Shortly after trailers emerged for "42," the movie about Jackie Robinson breaking baseball's color barrier, the buzz started.
After another Macon-filmed baseball flick, "Trouble With the Curve," proved a little disappointing, folks in central Georgia quickly found reason to get excited about "42."
Among the first to praise the Robinson biography? First Lady Michelle Obama.
At a student workshop, she said, "I don't know about you, but we walked away from that just visibly, physically moved by the experience of the movie, of the story."
For similar reasons, local film critic, Jackie K. Cooper, told 13WMAZ's Kenny Burgamy that he was giving the movie a 9 out of 10.
The word around the web isn't universally high, but according to RottenTomatoes.com, "42" has a 71% approval rating among its registered critics.
Filling in for the late Roger Ebert, Richard Roeper singled-out the film's performances, from star Chadwick Boseman as Robinson to Alan Tudyk who, as Philadelphia Phillies manager Ben Chapman, was "bravely portraying this real-life embodiment of pure, ignorant, racist hate."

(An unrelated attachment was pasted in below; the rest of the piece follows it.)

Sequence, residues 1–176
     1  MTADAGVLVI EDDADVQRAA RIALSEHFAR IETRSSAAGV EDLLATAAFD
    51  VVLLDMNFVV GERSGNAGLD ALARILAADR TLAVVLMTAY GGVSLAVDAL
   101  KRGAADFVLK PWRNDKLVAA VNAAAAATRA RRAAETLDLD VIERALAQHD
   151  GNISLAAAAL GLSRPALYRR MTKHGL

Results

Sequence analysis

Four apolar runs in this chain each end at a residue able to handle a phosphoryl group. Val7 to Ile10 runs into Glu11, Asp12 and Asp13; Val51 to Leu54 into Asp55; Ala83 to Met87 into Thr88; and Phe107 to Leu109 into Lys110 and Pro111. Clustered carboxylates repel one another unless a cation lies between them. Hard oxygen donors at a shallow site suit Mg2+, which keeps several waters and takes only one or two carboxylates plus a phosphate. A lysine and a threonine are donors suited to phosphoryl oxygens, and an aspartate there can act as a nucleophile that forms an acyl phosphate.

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Writing for the New York Times, A.O. Scott says director Brian Helgeland could have done better, but "has honorably sacrificed the chance to make a great movie in the interest of making one that is accessible and inspiring."
New York Daily News writer Joe Neumaier says it's "A moving, all-around terrific telling of Jackie Robinson's first season with the Brooklyn Dodgers..." and "...a sports film nonsports fans can love; it's a family film that never preaches; it's a biopic that also takes in the world and people around its subject."
Giving the movie a C+, Scott Tobias for The Onion's AV Club praised the casting choice of Bozeman as Robinson, but wrote, "It's a post-racial movie about a racist world."
Reviews of Harrison Ford's performance were generally positive but not overwhelmingly so. Peter Travers of Rolling Stone Magazine wrote Ford "hams it up with gusto as Branch Rickey..."
Somewhat ironically, Entertainment Weekly's Owen Gleiberman -- who generally liked "42" -- made a reference that others used to describe that other recent Macon-shot baseball flick: "It's like the latter-day Clint Eastwood style, applied to material that's as traditional as can be."